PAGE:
- Man pleads guilty but mentally ill in 2013 murder
- Telephone, computer network outages at 22 Rockford schools
- Byron native selected as Sailor of the Year for Navy Band Southwest
- Illinois Tollway awards $337 million in contracts, sets budget
- 44 earn bachelor’s degrees at Saint Anthony College of Nursing
- Goodwill opens Donation Express site on Perryville
- Rock Valley College to manage TechWorks program
- University of Illinois at Chicago names chancellor
- Salvation Army to distribute food, toys to nearly 2,000 families
- American Manufacturing Competitiveness Act signed into law
One Green Thing: Comfort at what price?
By Jan Herbert
Rockford Park District
Whether you were “green” before the color was fashionable or whether you’re just ready to find the “shade” that works best for you, here’s information about doing just “one green thing.”
Every generation points out to the next that times were harder for them. I guess it is my turn.
As I rolled past the nearby grade school yesterday morning, I noticed the driveway was full of cars with moms and kids waiting to be dropped off. As if an assembly line, the next car in line would pull up, one kid would get out, and the car would pull away.
Now, I was thinking it was a pretty nice morning yesterday, and these kids are pretty well taken care of. But the price of their “comfort” is at the expense of our environment and the air the rest of us breathe every day.
Those cars are idling the entire time going through the line (and maybe even in the driveway at home). So, here it comes … in my day, I walked to the end of our driveway and waited for the bus to arrive. No matter the weather … cold and snow meant boots, hats, gloves, and rain meant we took an umbrella. My mother would have laughed at a request to take us to school.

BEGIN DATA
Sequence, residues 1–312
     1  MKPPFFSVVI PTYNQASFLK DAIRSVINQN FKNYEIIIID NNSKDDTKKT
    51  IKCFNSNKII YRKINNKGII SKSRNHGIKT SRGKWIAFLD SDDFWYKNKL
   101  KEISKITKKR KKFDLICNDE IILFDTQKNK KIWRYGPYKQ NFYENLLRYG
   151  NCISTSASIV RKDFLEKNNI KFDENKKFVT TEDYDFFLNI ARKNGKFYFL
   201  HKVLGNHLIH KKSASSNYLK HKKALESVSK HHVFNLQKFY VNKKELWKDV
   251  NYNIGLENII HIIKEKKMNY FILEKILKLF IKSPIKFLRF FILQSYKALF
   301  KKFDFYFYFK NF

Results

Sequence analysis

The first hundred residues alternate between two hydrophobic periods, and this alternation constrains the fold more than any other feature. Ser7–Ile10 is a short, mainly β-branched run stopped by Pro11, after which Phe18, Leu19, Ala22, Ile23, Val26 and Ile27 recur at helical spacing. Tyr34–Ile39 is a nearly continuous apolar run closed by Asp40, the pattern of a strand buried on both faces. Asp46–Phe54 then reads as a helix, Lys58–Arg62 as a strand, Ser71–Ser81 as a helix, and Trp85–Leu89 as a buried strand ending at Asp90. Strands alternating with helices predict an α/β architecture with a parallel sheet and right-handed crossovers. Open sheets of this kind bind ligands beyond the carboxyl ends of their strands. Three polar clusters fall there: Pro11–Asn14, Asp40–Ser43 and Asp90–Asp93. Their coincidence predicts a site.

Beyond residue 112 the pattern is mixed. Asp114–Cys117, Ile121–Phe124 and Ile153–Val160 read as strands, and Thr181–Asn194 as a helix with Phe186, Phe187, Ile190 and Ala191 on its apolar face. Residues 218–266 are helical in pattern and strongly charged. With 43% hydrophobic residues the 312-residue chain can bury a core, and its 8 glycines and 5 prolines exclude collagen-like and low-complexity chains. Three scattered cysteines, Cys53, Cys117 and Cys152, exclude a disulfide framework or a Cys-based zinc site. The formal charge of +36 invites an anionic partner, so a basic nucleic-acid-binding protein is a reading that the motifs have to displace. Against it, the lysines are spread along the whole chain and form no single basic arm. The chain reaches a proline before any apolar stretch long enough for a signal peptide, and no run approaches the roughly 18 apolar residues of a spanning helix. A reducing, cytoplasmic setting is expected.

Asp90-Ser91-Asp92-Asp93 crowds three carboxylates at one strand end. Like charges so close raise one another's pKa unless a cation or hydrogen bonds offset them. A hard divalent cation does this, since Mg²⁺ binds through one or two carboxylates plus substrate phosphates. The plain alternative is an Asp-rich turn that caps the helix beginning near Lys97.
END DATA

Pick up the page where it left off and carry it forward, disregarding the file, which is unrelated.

Then, as a part of my reading yesterday, I ran across something that talked about our houses making us fatter. When the temperature is lower, we have a tendency to move around more. And when we are warm, our bodies are not experiencing the mild thermal stress needed to ignite calorie-burn activity. (The Time article also points out the average temperature in British living rooms went from 64.9 to 70.3 degrees between 1978 and 2008.)
I wonder where public buildings and schools set thermostats? With the rising costs of heating in an uncertain economy, at our house we’re going to remember what my mother said and go put on a sweater.
For more information, e-mail Jan Herbert at JanHerbert@RockfordParkdistrict.org.
From the Nov. 2-8, 2011, issue